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The Leader’s Balancing Act

The Leader’s Balancing Act

Want to be an effective leader?  You’ve got to be disciplined, organized, and focused.

But you’ve also got to be inspiring, creative, and visionary.

A couple weeks ago in this space, Steve discussed the leader’s balancing act — between support and challenge.  Here’s another such balancing act:  between the pragmatic and the visionary.

I think of it like a composer of music.  As visionaries, composers must hear the music in their head — they must have a sound picture of how their composition will begin, build, and ultimately end. They must feel all the emotions the music will generate, and know how to communicate those emotions to others.

But ultimately the composer must sit down with staff paper (or at a computer screen) and draw thousands of dots, lines, and symbols to turn their visions into the “directions” the musicians follow to convert the vision into reality.

No one can know how to perform to your vision unless you have the discipline to get your music down on the staff.

The score of a Beethoven Symphony is an extremely detailed set of instructions. Only with this score — which “manages” the actions of the orchestra, can we hear the music that was in Beethoven’s mind. What’s amazing to me is not only that Beethoven conceived music of such incredible richness and beauty, but that he was able to sit down with pen and ink and capture this inspiration on paper.

It’s hard, this balance.  These are two very disparate sets of skills.  Most of us are predisposed to be either the pragmatic or the visionary — the leader or the manager.  But as a leader, it’s not enough just to hear the music in your head — you’ve got to be enough of a manager to get the music down on paper in clear and effective ways.  Maybe the difficulty of this balancing act is the reason we don’t have more effective business leaders.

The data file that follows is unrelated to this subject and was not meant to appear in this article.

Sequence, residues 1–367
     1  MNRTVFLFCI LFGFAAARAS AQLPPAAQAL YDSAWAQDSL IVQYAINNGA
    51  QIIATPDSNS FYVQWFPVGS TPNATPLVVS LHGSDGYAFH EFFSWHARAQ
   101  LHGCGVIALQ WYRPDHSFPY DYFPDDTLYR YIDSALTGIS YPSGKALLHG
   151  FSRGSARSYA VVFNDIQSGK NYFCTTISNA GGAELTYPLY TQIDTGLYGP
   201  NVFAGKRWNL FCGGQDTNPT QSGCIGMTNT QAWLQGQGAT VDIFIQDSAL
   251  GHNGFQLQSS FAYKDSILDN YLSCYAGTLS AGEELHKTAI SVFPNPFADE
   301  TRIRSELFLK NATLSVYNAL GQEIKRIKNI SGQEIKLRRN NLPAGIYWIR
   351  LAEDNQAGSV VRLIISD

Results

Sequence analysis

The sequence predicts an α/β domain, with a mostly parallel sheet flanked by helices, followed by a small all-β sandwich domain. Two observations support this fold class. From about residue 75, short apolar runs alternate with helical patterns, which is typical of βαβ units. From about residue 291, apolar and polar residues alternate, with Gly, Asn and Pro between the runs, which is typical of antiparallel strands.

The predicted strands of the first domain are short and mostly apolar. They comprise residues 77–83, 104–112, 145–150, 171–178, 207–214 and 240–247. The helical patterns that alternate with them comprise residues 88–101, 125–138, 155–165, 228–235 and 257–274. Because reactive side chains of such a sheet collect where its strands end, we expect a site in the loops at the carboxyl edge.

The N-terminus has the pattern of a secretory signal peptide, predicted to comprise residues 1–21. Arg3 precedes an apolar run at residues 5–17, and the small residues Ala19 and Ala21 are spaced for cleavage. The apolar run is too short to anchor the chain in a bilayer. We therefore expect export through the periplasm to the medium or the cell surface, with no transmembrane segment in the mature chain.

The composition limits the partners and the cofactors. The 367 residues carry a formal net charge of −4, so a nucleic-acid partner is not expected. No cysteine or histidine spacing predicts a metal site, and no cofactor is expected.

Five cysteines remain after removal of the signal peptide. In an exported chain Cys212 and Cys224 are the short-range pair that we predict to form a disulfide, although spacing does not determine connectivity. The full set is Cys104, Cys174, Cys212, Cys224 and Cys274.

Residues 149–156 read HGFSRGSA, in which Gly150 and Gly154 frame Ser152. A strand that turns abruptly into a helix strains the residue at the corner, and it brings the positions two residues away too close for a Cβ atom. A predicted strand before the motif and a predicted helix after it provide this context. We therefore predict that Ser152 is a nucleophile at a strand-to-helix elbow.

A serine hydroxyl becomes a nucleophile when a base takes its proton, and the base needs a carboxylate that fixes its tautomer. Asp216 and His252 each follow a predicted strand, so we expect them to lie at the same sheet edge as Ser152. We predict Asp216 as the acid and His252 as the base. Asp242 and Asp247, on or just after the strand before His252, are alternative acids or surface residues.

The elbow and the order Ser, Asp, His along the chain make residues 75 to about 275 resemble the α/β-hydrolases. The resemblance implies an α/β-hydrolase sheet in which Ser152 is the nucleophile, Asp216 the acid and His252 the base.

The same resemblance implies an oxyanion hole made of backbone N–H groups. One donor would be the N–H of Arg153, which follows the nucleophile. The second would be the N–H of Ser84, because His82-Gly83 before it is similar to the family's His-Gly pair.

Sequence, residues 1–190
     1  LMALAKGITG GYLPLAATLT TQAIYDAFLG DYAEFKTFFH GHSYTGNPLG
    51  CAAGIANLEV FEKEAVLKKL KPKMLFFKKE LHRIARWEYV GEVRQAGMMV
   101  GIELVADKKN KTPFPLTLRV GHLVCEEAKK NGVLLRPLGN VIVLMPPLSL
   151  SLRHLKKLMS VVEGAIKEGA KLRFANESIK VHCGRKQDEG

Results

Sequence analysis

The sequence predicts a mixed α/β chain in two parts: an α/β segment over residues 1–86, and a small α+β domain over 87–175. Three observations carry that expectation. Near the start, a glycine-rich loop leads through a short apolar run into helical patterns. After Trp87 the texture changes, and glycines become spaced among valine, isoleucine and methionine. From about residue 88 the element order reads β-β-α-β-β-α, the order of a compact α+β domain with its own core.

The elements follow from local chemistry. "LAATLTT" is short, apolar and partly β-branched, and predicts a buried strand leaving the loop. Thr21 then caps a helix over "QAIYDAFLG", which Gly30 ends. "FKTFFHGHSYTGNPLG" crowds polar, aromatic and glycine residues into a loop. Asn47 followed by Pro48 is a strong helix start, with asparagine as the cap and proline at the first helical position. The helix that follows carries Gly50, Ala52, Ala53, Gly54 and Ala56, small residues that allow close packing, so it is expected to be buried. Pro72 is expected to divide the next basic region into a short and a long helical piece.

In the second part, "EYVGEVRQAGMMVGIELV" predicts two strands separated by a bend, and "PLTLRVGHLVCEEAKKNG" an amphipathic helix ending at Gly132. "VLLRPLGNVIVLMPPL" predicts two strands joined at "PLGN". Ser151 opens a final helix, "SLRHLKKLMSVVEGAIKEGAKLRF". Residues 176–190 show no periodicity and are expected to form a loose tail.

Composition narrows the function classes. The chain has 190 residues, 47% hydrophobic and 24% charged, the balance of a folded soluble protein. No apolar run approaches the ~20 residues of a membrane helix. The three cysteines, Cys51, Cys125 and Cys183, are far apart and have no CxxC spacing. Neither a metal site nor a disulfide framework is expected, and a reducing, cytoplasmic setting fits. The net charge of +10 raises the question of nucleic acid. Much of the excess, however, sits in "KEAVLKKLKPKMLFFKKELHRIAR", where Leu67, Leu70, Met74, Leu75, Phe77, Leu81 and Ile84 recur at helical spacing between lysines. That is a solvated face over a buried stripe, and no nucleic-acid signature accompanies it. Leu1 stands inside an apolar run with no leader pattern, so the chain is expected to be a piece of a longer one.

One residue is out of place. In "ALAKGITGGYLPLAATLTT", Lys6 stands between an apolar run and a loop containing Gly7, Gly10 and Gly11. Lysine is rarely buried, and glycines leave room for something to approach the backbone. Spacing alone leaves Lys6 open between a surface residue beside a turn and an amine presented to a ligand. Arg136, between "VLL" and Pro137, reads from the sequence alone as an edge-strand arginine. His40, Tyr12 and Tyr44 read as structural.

So, leaders — do the details well. No one else can know how to perform to your vision unless you have the discipline to get your music down on the staff.

YOUR PATH FORWARD: In one-on-one meetings with your staff and your supervisor this week, take three minutes to request their honest feedback on how well you attend to the details, and on what you could do to improve your processes for getting the dots and lines down on the staff effectively enough for others to make beautiful music.

About the Author

Jim Hessler
Jim Hessler bootstrapped his way from retail work into a successful career as salesman, sales manager, Fortune 500 executive, and corporate turnaround engineer. Along the way, he developed The Leadership Platform, a proven model for training managers to become sustainably better leaders. It became the basis of his leadership primer, Land On Your Feet, Not On Your Face: A Guild to Building Your Leadership Platform. Jim is the founder of Path Forward Leadership Development Services.

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